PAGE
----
Gilded Balloon (Venue 14): Wed 5 – Mon 31 Aug 2015
Foul-mouthed and funny, Willie and Sebastian is far removed from what might be expected of the established double act of Andy Gray and Grant Stott. Nevertheless it provides an entertaining hour, with Gray in particular close to his very best.
Ian Pattison’s new play is based on the true story of two ill-fated inhabitants of the old Soho demi-monde, theatrical producer and writer William Donaldson (Gray) and artist Sebastian Horsley (Stott).
Grant Stott and Andy Gray. Photo: Steve Ullathorne
The first thing that must be noted is that this is far from the cuddly tale one might expect from the two pantomime mainstays – the scenes of drug-taking, descriptions of sexual practices and unbridled swearing on display would not quite cut it at the King’s.
It is a reminder that Pattison’s best-known creation, Rab C. Nesbitt, was an altogether darker character before sitcom smoothed off some of his rough edges. The swearing in particular seems to be manna from heaven to Gray, who turns in an altogether more louche version of his usual audience-connecting self, delivering a masterclass in timing and gesture, thoroughly revolting yet strangely sympathetic.
Stott cuts a bizarre figure as Horsley, looking like the lovechild of The Gentleman from Jonathan Strange and Mr Norrell and Little Lord Fauntleroy. He struggles to give the part the necessary devilish hauteur, but the evident connection between him and Gray gives their exchanges real energy and a surprising pathos.pacy direction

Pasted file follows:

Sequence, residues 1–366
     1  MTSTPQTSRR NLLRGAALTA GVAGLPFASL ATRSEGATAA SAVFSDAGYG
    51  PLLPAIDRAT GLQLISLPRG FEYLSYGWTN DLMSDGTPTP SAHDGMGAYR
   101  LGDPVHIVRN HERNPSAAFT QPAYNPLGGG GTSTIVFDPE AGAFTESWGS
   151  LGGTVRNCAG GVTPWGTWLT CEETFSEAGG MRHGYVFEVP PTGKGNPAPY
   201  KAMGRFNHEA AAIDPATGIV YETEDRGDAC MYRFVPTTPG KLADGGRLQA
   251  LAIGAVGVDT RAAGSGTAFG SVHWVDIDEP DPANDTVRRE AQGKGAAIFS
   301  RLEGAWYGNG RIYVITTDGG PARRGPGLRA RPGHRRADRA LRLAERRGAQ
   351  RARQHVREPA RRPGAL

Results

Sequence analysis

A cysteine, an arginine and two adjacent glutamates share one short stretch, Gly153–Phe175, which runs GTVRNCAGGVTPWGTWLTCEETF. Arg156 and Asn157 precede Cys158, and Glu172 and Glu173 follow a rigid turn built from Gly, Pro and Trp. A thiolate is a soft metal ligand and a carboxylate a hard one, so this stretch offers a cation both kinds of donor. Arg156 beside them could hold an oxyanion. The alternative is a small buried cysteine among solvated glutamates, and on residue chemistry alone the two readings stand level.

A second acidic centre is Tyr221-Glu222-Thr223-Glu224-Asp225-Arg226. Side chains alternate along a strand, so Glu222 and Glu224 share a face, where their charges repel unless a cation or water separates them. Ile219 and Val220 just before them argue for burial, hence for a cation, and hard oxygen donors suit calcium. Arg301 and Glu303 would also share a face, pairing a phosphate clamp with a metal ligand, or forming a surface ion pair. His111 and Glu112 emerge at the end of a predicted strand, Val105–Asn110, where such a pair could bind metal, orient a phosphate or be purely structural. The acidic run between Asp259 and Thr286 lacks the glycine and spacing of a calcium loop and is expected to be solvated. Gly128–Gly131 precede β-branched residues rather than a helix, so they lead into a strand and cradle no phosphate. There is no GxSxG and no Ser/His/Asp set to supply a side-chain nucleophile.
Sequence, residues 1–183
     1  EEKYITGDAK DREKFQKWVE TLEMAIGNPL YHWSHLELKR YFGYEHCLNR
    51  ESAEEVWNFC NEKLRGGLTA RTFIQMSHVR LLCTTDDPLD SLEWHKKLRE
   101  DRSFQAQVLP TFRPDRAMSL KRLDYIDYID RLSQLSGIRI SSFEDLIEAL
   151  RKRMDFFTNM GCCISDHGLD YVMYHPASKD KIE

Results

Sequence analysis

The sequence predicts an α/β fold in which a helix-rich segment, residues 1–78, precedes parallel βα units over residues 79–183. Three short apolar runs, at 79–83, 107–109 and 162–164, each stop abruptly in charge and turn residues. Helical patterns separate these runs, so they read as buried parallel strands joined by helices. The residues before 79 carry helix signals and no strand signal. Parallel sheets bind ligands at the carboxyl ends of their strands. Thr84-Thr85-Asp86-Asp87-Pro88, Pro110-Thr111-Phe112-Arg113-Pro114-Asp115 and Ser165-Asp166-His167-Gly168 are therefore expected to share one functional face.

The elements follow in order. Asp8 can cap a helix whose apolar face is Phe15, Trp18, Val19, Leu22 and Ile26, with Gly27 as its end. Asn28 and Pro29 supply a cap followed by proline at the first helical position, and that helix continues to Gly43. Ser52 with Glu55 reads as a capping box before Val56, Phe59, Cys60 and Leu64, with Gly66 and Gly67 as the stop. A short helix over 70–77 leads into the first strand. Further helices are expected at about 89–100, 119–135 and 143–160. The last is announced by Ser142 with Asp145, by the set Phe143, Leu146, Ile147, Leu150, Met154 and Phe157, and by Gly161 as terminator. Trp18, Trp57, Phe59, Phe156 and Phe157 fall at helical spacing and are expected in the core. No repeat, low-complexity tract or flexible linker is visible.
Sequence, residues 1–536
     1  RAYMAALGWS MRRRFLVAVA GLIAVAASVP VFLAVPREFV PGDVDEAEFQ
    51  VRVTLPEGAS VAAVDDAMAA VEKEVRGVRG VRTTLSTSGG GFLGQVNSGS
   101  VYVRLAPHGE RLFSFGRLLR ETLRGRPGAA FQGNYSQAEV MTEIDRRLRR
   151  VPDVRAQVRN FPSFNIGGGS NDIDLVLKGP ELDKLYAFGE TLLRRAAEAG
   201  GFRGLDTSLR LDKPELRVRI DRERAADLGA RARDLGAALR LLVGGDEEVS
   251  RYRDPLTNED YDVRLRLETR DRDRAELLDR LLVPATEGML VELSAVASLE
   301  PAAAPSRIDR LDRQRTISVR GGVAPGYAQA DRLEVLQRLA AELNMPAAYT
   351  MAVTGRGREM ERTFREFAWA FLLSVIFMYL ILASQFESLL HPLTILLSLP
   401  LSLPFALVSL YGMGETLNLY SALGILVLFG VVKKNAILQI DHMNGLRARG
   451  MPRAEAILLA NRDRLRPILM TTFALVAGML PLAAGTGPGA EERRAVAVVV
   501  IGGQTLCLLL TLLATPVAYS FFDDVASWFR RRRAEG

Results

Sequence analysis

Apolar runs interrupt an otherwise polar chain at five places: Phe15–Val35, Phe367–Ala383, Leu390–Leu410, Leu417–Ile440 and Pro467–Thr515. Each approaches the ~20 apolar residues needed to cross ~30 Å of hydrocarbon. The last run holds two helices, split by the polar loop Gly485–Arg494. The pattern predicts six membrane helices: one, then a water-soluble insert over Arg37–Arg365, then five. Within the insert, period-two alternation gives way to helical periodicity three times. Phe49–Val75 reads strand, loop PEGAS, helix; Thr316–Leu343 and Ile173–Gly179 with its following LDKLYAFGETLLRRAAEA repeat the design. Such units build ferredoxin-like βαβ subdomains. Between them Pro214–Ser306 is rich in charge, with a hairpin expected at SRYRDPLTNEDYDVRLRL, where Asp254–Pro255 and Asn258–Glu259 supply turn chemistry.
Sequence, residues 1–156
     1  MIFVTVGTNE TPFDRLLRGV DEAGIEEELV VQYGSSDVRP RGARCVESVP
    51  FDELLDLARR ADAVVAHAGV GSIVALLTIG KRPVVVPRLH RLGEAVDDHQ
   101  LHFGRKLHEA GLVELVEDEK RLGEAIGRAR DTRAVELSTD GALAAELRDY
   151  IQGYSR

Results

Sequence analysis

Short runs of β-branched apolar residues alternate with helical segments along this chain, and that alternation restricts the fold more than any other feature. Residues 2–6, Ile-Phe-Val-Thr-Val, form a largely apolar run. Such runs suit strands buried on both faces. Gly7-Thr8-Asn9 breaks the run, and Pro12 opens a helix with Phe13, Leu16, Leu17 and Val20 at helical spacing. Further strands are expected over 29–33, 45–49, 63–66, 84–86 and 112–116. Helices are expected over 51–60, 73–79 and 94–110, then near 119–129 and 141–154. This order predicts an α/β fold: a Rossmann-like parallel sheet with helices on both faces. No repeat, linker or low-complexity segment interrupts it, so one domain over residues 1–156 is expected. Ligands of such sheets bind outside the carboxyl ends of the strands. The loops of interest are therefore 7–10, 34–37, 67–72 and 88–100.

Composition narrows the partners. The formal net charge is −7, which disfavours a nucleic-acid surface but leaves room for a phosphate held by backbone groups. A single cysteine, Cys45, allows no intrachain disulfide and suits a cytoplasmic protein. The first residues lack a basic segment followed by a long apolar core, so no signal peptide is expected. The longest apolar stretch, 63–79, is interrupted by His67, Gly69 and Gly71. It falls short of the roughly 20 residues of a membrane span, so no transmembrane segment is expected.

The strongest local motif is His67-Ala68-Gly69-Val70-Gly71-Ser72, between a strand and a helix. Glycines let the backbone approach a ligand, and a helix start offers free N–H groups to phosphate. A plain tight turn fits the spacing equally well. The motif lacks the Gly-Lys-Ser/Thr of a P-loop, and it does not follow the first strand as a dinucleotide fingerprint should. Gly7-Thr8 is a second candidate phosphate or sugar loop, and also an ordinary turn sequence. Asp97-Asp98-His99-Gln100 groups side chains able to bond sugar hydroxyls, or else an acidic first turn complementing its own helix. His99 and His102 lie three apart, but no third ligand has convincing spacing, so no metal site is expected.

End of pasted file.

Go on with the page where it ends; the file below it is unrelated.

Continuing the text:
Rather than telling the two men’s downwardly-mobile life stories, it opts for a snapshot from near their ends, with Horsley moving in on Donaldson’s model girlfriend Rachel (Michele Gallagher). Gallagher has a difficult job intruding into the double act, but does so with a cynical energy that is very successful, helped by Sam Kane’s pacy direction.
The script does not provide any great examination of the decline of artistic talent or lives cut short by drugs, but does have poignant moments dealing with memory, loss and futility. Indeed, many of the one-liners are deeply bleak and cynical. The play is not as laugh-out-loud funny as might have been anticipated, but hangs together as a dramatic work far better than many such star showcases do.
In the end, it is Gray’s Willie that dominates, but without ever overbalancing a production that also demonstrates great teamwork.
Running time 1 hour
Gilded Balloon (Venue 14) Teviot Row House, EH8 9AJ
Wednesday 5 – Monday 31 August 2015
Daily (not Mon 17) at 8.15 pm
Book tickets on the EdFringe website: https://tickets.edfringe.com/whats-on/willie-and-sebastian